Tips for Treating Blood Sugar Lows
Phipps recommends these two 100% fruit juices for treating blood sugar lows.
Quick, convenient and cost-effective, a 4-ounce serving of 100% apple juice provides around 15 grams of carbohydrates, making it a great choice to quickly give you a blood sugar boost when you need it. It also provides 48 mg of vitamin C, an important antioxidant that helps rid your body of free radicals that can cause damage over time. Consider carrying a child-size box (usually 4 to 6 ounces) in your bag so you always have an option should a blood sugar low strike.
Similar to apple juice, a 4-ounce serving of grape juice provides around 20 grams of carbohydrates, making it another great option to treat a blood sugar low. It also provides 66 mg of vitamin C, in addition to some potassium. While harder to find in convenient grab-and-go boxes, it’s a great idea to keep on hand for treatment for blood sugar lows at home.
Tips to Include Fruit Juice in a Healthy Diabetes-Appropriate Diet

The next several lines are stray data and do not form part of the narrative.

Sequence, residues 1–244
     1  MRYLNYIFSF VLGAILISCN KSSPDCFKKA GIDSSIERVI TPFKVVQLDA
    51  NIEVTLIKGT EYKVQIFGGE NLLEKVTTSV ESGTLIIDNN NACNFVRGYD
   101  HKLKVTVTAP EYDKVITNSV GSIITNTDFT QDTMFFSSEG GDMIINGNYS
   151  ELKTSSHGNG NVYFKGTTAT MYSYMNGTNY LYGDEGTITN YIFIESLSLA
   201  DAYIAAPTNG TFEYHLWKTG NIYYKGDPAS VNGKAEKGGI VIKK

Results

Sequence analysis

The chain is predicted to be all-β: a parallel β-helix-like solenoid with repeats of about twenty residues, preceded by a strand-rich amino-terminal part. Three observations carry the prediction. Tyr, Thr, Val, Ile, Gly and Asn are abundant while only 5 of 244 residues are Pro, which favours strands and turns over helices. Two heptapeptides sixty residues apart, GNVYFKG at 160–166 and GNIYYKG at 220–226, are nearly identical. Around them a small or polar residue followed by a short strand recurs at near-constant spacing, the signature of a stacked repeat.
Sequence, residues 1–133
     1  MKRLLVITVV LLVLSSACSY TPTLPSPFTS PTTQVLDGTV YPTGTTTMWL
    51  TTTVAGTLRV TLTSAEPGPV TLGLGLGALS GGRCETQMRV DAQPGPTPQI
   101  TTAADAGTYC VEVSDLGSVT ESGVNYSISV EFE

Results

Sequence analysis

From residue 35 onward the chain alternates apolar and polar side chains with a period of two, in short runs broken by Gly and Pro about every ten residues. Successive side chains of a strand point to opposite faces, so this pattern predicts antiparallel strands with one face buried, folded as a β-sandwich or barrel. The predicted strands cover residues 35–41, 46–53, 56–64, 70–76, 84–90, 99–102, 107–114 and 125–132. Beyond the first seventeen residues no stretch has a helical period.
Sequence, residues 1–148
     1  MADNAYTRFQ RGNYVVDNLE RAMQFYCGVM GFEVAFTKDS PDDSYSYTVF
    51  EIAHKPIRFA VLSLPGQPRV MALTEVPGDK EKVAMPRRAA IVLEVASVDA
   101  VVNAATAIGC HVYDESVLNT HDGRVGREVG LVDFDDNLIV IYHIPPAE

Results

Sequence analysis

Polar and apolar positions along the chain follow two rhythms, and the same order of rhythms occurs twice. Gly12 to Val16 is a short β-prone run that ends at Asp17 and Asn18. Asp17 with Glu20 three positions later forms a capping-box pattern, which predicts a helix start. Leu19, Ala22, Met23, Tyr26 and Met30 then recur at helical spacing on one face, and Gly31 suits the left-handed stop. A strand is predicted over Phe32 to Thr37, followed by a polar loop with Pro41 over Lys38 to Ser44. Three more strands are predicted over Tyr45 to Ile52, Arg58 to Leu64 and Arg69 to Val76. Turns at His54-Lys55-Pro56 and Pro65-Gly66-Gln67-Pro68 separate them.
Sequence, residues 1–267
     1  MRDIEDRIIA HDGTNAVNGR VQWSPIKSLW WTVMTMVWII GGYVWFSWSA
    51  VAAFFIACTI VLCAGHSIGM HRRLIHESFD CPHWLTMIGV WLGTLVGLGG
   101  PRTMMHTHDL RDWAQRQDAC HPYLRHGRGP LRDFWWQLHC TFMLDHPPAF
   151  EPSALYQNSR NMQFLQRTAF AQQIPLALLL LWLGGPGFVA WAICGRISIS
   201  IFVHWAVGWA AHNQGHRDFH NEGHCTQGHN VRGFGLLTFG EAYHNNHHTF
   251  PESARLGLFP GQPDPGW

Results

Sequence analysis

Keep these tips from Palinski-Wade and Phipps in mind to help you incorporate 100% fruit juice into your eating pattern.
- Pair it with a meal. If you’d like to enjoy some 100% fruit juice, have it with other solid foods. The fiber and protein in your meal can help slow down how quickly the sugar in the juice is absorbed, which can help slow down how quickly it raises your blood sugar.
- Go halfsies. Start with 4 ounces of 100% fruit juice and try diluting it with an additional 4 ounces of water. This way you can still enjoy the vitamins and minerals in the juice—as well as the flavor—with less concentrated amounts of sugar.
- Think outside the cup. 100% fruit juice can act as a natural sweetener in recipes like smoothies, marinades and dressings. Try mixing together olive oil, cider vinegar and 100% prune juice as a sweet dressing for summer salads.
- Make your own mocktail. 100% fruit juice can also make a nutritious mixer for nonalcoholic drinks and can offer a great way to cut added sugars in your favorite beverages. Try adding a splash of 100% fruit juice to sparkling water for a refreshing alternative to wine or Champagne or even as a simple afternoon treat.
The Bottom Line
A person with diabetes can include fruit juice in a balanced, variety-filled diet. Experts advise choosing 100% fruit juice and taking note of other nutrients like dietary fiber, as well as being mindful of portion size. Consider combining 4 ounces of 100% fruit juice with 4 ounces of water to dilute the sugar content, or use fruit juice in a recipe to add a natural touch of sweetness. Most importantly, be intentional with how you enjoy it, says Phipps.